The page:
Many of the Proverbs of Solomon transferred wisdom from abstract concepts to practical life situations. We need look no further than Proverbs 1:10-19 to find living examples of miscreants being lured into theft and murder. Such sinners destroy themselves and others.

When my sisters and I were young we learned to never offer the “Everyone else is doing it!” justification for our mistakes or future plans. While other kids were warned about following crowds as they jumped off high buildings, our Baptist deacon father would reply, “If everybody else took a free ticket to hell, would you take one too?” Needless to say, the discussion was over. 
2/13/2014 10:04:52 AM by Troy Rust, pastor, Florence Avenue Baptist Church, Oxford | with 0 comments

Bible Studies for Life Lesson for March 2: Good Work

February 13 2014 by Bartley Wooten, pastor, Beulaville Baptist Church, Beulaville

Focal Passages: Genesis 1:28; 2:8-9, 15-17
Have you ever heard of the term “pre-evangelism?” It is the idea of tearing down barriers that may inhibit someone from trusting Christ. For example the use of apologetics could be seen as pre-evangelism. When a Christian breaks down an unbeliever’s arguments against the Bible it may open the door to share the gospel with that person.
With that in mind, I believe how Christian works can also be a form of pre-evangelism. Let me explain. When I was in seminary in Louisville, Ky., I worked at FedEx during the second shift. There were several other believers that worked with me, and one of them was fairly vocal about being a believer – and rightly so. However, it seemed every night that this young man would spend more time and energy trying to get out of work than he would actually be working. In fact there were numerous times when he should have been working but was caught hiding in a bathroom stall drinking a soda and eating a candy bar. I tell you this story because this young man genuinely wanted to tell the other guys about Jesus, but he had long disqualified himself by the way he worked.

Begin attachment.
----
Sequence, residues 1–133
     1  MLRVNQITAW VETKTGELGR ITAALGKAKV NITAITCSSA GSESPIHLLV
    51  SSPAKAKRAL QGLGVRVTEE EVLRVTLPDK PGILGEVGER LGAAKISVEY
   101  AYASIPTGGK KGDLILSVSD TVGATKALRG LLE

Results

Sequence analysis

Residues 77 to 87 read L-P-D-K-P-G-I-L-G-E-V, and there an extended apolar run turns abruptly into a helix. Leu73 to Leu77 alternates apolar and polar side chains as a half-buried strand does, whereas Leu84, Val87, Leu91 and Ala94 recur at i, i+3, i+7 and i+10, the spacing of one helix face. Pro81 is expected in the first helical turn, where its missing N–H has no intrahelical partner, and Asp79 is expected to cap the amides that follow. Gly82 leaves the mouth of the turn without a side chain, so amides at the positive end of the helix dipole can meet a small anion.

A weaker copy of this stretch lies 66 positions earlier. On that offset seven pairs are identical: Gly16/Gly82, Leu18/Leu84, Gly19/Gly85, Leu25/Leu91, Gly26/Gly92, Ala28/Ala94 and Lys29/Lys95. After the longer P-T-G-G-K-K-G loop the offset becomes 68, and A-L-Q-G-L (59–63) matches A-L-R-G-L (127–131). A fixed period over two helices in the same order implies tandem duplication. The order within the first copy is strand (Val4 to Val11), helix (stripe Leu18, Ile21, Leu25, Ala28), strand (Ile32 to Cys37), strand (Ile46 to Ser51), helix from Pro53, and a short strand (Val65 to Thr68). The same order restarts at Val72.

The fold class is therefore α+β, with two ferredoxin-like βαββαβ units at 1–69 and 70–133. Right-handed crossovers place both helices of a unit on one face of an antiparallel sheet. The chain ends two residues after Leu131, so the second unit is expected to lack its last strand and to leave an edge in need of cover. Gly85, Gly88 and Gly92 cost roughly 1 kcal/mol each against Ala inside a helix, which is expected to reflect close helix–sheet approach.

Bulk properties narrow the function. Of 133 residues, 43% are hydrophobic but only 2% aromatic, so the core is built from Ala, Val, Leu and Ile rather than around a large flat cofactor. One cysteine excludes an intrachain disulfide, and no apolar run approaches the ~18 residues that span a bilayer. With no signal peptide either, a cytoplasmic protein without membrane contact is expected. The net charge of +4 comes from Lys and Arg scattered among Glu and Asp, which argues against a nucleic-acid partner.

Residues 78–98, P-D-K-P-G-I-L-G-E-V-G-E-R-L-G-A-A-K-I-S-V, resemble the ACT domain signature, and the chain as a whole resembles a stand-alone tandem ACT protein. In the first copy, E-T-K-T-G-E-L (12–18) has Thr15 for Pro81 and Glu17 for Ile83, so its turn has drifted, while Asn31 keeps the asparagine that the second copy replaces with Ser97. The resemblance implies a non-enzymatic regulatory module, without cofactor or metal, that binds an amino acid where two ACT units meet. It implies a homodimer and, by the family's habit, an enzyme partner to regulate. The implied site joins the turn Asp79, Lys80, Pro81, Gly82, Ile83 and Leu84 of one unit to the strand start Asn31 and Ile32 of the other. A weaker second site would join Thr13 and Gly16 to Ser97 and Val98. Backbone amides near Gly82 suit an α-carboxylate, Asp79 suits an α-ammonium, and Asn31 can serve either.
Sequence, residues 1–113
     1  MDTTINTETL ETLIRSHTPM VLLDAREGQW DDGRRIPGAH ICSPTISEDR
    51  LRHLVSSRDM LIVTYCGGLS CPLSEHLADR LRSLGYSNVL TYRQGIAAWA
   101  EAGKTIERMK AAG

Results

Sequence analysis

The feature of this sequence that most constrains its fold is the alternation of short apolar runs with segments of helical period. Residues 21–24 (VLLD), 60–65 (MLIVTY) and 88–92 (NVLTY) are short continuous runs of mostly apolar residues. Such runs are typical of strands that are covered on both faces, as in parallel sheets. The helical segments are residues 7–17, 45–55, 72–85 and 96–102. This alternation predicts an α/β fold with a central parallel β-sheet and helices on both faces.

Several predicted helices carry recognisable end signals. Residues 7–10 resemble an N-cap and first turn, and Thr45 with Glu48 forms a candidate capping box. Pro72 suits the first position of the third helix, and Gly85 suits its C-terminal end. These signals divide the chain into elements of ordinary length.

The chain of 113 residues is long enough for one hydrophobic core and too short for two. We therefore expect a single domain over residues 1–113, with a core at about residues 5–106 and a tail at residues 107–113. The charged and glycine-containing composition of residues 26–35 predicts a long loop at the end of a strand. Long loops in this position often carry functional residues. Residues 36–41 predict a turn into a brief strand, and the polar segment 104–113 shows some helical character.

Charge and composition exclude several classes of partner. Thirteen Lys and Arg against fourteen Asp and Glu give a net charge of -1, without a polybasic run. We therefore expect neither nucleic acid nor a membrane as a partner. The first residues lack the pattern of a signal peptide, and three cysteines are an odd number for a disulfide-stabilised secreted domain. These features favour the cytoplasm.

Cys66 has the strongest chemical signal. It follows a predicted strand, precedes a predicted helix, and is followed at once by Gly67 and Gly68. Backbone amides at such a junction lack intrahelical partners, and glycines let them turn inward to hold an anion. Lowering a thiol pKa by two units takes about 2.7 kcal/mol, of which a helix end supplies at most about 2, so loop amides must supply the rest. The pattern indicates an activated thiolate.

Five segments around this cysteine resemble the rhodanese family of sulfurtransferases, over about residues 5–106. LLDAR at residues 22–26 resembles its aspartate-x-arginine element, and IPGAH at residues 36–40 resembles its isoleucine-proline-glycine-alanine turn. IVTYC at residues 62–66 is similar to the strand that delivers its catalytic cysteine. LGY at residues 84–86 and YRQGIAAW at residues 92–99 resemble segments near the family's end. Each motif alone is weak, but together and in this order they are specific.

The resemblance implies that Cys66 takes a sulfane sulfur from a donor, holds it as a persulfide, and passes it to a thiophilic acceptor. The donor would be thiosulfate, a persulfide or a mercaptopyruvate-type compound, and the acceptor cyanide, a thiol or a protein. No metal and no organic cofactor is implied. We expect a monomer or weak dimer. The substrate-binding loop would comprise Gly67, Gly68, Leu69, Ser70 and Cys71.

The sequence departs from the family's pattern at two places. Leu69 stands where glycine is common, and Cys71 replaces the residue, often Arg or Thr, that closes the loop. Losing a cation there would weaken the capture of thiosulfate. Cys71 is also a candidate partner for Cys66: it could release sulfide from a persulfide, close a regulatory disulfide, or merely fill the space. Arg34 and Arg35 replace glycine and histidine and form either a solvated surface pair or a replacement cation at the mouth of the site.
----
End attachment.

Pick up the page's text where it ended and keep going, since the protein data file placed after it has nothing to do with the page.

Tragically this young man did not connect the privilege to work with God’s created order and the power to witness. In Genesis 1:28, God gave Adam and Eve the responsibility to subdue and have dominion over all the earth. Granted this task was much easier before they rebelled, but nevertheless, God instituted work as a part of being created in His image.
When a Christian has a poor work ethic, he detracts from that image and provides a poor reflection of God’s greatness. Therefore, contrary to public opinion, “work” is not a dirty, four-letter word. It is a wonderful gift given to us by our Creator to magnify and bring glory to Him. So if you are ever tempted to take the shortcut and skip out on work remember there is more at stake than just your paycheck. It could make an eternal difference.
2/13/2014 9:59:26 AM by Bartley Wooten, pastor, Beulaville Baptist Church, Beulaville | with 0 comments

Explore the Bible Lesson for February 23: Follow with Renewed Purpose

February 11 2014 by Sherra Still, writer, University Hills Baptist Church, Charlotte

Focal Passages: John 21:3-7a, 15-17, 20-23
There are guarantees in life, and one for me is that I will make mistakes. Whether it be forgetting an important ingredient at the grocery store or saying the wrong thing, a family member is certain to be aware that mommy messed up. Even more certain, God is aware of my sinfulness and the mistakes I make. Our lesson asks some pertinent questions for when we realize that we have sinned and need to ask God for forgiveness.